Canada’s foreign credentialing system is a barrier to employment for newcomers to Canada.
It’s an issue that has been a consistent for foreign trained professionals in regulated professions coming into Canada for a long time, with research and recommendations emerging in the last few decades about the barriers faced by newcomers to the Canadian workforce from abroad.
According to a 2009 report by the Standing Committee on Citizenship and Immigration, “Fair recognition of education and job experience obtained in another country is important for a variety of reasons. Being unable to fully use prior learning and experience is frustrating for newcomers to Canada who find themselves underemployed in jobs far below their expectations. Failure to recognize credentials costs immigrants and taxpayers; on a macro scale, the cost of untapped potential is estimated to range between $2.4 and $5.9 billion annually.”
The 2009 report goes on to say, “the failure to recognize foreign credentials may become a competitive disadvantage, affecting Canada’s attractiveness as a destination to highly skilled and educated workers. For all of these reasons, ensuring credential recognition is fast, fair, effective, and accessible is of great concern to this Committee. It is a matter of national interest.”
And yet, despite that grave warning from the committee back in 2009, things are slow to change within the actual systems themselves. No matter where you are in Canada, it’s still not uncommon to hop in a taxi, Uber, or Lyft, talk to your driver, and learn they are a professionally trained healthcare provider, teacher, social worker in their home-country.
Throughout this year, more and more funding announcements emerged to improve foreign credential recognition programs.
In March, the federal government announced it is investing $26.5 million to improve 11 foreign credential recognition programs so that immigrants may be integrated faster into the Canadian economy, and in July, Immigration Minister Sean Fraser, announced $1.5 million in funding to help newcomers work in the Canadian health sector, and even Ontario Premier Doug Ford issued “a directive to speed up the accreditation of international nurses as a way of addressing shortages of medical staff.”
How is this Possible?
How, then, is it possible that so many foreign trained professionals are still struggling with Canada’s credentialing system?
Randy Boldt, an immigration consultant with the Frontier Centre for Public Policy explains why so many foreign trained professionals end up working low-paying jobs outside their expertise in a recent article on the Frontier Centre for Public Policy website.
“Unlike many other countries, where professional regulations are a federal responsibility, in Canada the provinces create the regulations. As such, Canada has over 400 Self-Regulated Professions, each with its own Provincial regulatory act.
These regulations … protect their own members’ interest in ensuring that access to the profession is highly restricted. As a consequence, it is difficult, if not nearly impossible, for most foreign-trained professionals to enter a Canadian profession.”
Members of VLIP’s Immigrant Advisory Table (newcomers with lived experiences) have felt the paradox of Canada’s credentialing system first-hand.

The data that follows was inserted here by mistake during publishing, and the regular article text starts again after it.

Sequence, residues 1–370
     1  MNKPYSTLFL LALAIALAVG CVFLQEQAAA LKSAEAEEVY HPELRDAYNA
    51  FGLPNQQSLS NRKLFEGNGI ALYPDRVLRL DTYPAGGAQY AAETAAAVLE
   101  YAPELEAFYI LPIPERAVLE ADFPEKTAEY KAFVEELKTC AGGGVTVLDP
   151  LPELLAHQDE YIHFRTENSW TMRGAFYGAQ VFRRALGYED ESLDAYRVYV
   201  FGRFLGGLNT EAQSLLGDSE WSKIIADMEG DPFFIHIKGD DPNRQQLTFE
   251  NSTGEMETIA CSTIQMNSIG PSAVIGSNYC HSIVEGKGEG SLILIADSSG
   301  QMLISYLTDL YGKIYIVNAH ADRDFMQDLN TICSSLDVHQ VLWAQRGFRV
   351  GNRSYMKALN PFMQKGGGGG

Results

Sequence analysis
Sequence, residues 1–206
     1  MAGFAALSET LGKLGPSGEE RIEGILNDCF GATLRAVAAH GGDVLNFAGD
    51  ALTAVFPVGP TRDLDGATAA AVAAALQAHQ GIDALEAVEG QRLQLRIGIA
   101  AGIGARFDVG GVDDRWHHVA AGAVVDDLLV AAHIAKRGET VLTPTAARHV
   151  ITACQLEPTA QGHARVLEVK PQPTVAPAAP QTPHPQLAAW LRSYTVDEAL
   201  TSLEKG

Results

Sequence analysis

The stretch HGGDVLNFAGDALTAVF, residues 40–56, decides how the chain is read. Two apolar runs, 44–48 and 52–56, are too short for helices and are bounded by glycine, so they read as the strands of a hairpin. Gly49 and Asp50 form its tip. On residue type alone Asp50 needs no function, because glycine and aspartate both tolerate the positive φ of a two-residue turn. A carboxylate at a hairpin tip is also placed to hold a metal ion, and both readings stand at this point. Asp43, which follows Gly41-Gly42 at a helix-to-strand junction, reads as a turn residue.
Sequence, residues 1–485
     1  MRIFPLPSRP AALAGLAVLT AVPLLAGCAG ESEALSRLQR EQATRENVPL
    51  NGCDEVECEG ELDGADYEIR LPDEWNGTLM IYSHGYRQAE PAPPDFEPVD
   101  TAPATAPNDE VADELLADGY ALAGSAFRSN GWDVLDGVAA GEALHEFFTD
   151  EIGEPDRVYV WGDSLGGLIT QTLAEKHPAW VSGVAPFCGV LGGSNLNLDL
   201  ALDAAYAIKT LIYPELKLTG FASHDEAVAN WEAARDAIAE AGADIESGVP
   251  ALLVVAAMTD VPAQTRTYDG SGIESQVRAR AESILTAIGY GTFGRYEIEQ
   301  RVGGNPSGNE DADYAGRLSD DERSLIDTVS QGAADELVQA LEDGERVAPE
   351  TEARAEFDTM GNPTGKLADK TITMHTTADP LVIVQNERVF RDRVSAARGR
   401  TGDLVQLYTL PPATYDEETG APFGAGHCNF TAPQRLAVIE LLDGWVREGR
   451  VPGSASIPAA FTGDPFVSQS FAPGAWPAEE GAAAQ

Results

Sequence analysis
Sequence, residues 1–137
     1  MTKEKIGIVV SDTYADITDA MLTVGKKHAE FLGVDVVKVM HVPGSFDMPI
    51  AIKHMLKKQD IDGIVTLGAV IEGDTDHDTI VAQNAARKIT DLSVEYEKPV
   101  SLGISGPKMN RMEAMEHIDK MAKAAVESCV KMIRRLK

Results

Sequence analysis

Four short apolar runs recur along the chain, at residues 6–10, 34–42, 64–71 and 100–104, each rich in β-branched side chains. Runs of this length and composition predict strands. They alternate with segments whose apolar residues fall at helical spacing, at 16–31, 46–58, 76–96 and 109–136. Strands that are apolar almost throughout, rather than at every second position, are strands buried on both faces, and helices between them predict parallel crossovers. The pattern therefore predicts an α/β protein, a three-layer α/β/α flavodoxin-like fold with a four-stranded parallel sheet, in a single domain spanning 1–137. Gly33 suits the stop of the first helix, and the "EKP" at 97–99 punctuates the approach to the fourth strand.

Ruchi, IAT member originally from India, explains her experience:
“Even though I was selected and accepted because of my professional qualifications, the first response I got was that I do not have sufficient experience in Canada that’s why I wouldn’t get a front-end social worker role at all…and my husband, who is also a qualified professional has also been facing similar challenges.
It is weird that our immigration applications are accepted for our qualifications to come to this new country, but then [once we are accepted], they say “you don’t have enough experience here so you won’t be getting front end-jobs.”
So, What Now?
It’s clear from the headlines that the government hears the request for support in the form of more funding, but what about change in the systems themselves? Experiences of immigrants, refugees, international students, temporary foreign workers, and newcomers alike tell us there’s a disconnect between what’s happening on the recruitment lines, and what’s happening on the frontlines of hiring.
It should come as no surprise, as historically, there’s always been a big disconnect between what the people need and what the government is willing to fund. How do we keep momentum while holding funders accountable? While also adjusting the systems to support our current economy?
Exacerbating Circumstances Raise the Stakes
Currently, we are at an all-time low for skilled labour across most sectors. Construction is hit particularly hard, but so are the usual childcare and healthcare sectors, with higher than usual vacancy rates compared to last year and over 1 million job vacancies recorded earlier this summer.
The labour shortage is felt everywhere; restaurants, to hospitals, to construction sites, to daycare centres – all these industries have been hit hard in the post-pandemic era and have even had to lower their hiring expectations as they struggle to recruit the right candidates.
And, according to a recent article by CIC News, ”the job vacancy rate in the health care and social services sectors has risen sharply to 143,000 vacancies, or 6.1%. This is a significant increase over the vacancy rate in April, which was 5.4% and 20% higher than it was in May 2021”.
And, with the health care job vacancy rate on the rise, people are continuing to die without adequate access to care. In B.C., 2 people died in August alone in Ashcroft this summer while waiting for healthcare.
Yes, the funding is coming, but where are the changes in the system to expedite the current circumstances?
What more can we be doing to support this process, and foreign-trained professionals, in a better way?
Let us know your thoughts in the comments ⬇️